Q:  You are the author of Incest: a new perspective, what made you interested in writing about the subject?

 

 

A: I never set out to write about incest. I was as scared of going near the subject as anyone. But once, in my book about Cleopatra, I’d pointed out a couple of facts that I thought were connected. There wasn’t much distinction between the rights of sons and daughters in Egypt; at the same time brother-sister marriage was not taboo among the general population.

 

That led to an invitation to write about incest in literature; in the course of writing that essay, I began to be interested in the issues that artists, writers and film-makers—among them Bergman, Toni Morrison, Tennessee Williams— were raising around sexual abuse, trying to pin point or measure damage.

 

Several years later that led a publisher to invite me to think and write about incest.

He didn’t want me to summarise other people’s ideas but to look at the subject with fresh eyes. So I put the work of artists, the writers and filmmakers, together with the work of therapists, among those Judith Herman. They correlated, confirming each other. That gave me a new take on incest and abuse.

 

Q:  What did you discover about incest in your research?

 

A: It’s complicated. Really, you need to read my book.

 

But here are a few points to ponder:

First, who says incest’s taboo? There’s a lot of incest about, though it’s claimed that civilized society is based on forbidding it. Why don’t we take that into account, start our thinking there? There’s a huge amount of confusion gets in the way of clear thinking about incest.

 

Perhaps one of the most important discoveries was this: not all acts that are technically incestuous involve the same kind of experience or damage. It doesn’t make sense to lump brother-sister incest of teenagers with an adult’s penetration of a young child, or a mother’s seduction of her son.  The experience and the degree of harm are not the same in each case.

 

It’s worth observing that in some cases the incestuous relationship may be the only source of warmth and closeness in the victim’s life. How does that complicate our thinking?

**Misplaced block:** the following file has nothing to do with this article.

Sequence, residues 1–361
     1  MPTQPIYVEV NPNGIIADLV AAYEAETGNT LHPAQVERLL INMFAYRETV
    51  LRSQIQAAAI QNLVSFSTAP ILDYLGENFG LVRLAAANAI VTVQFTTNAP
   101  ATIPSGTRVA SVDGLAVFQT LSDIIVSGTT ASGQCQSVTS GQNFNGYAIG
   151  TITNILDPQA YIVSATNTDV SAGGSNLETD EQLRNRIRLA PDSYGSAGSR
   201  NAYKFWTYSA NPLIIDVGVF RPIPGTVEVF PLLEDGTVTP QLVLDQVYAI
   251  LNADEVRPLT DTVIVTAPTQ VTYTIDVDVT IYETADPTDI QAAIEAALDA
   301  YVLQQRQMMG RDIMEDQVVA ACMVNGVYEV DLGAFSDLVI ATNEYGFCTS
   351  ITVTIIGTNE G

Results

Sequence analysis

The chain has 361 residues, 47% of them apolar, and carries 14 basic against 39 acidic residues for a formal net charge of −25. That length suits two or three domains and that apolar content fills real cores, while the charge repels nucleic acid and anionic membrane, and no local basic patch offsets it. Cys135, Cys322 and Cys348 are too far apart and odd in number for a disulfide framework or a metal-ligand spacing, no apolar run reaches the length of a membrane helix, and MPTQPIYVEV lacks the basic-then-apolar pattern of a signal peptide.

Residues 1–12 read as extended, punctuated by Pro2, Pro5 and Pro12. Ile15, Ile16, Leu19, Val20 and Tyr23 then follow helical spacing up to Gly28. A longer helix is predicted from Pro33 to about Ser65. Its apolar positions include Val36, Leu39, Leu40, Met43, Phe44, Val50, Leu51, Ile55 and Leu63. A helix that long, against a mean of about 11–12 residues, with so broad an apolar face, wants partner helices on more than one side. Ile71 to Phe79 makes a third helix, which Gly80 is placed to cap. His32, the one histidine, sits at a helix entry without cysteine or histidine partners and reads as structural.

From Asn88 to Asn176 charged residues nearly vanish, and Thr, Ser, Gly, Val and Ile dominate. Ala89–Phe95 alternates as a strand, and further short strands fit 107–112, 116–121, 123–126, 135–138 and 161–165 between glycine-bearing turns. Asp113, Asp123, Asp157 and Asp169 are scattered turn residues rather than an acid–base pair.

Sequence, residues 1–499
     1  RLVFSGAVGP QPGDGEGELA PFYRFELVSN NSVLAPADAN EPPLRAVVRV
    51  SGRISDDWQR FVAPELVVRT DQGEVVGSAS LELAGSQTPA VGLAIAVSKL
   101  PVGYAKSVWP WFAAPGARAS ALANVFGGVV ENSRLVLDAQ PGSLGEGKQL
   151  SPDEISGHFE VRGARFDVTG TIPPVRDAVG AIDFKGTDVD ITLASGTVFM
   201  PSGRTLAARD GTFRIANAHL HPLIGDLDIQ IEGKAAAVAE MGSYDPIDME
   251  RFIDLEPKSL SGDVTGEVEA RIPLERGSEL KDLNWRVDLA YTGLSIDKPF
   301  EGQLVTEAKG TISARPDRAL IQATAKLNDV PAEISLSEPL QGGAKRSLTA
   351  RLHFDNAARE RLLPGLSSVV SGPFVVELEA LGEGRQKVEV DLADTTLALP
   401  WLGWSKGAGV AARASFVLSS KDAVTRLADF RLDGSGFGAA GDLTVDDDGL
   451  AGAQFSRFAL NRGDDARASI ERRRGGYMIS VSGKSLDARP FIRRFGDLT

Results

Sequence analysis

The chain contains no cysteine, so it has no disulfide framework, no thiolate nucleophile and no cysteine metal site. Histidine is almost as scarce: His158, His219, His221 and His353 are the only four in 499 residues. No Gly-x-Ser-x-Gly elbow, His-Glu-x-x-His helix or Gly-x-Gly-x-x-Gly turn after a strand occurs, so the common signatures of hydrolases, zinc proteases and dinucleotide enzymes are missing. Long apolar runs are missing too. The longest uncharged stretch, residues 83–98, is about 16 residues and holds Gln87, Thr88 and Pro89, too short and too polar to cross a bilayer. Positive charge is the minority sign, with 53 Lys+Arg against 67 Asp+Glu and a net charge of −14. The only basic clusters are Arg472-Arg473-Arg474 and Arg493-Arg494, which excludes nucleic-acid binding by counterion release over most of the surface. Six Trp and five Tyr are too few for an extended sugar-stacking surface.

You probably know that the incest taboo concerns the relations that you’re not supposed to have sex with/marry. Did you know that varies enormously, even from one US state to another? There is no absolutely invariable veto, especially if you look at history.

 

I began to suspect that the taboo was connected more generally with separating male and female, keeping them apart and older men in charge, perpetuating a particular structure of society.

 

Q:   What do you think about the renewed interest in the Woody Allen/ Dylan Farrow case?

 

A:  For a few years now the subjects of incest and abuse have been coming forward. We’ve learned to listen. And others who had previously been silenced have found the courage to speak. I can well imagine that Dylan Farrow, who has made this claim before and received no satisfaction, was affronted to see the adulation of Woody Allen. I have no idea where the truth lies in this case. But it’s worth noting that top men are often lonely and cut off, not finding room to express simpler more childlike emotional needs except in circumstances where they retain their authority and adult sexuality—for instance with a person who is very much younger, or a child.

 

 

Q:  . If you could meet anyone you have written about who would it be? (why)

 

A: What a lovely question!  Trix wouldn’t be restful, though if I caught her when she was the toast of Simla at twenty, I’d have liked to see her. I think it would have to be Rud, at the time when he was a new father, happily married, building a beautiful house for his family and making any amount of money by his writing. They tapped maple syrup from the trees and had dances in the barn: a regular American idyll.

 

Please note; Eliza’s interviews are done by email. All answers are unedited and come right from the lovely fingertips of her subjects:)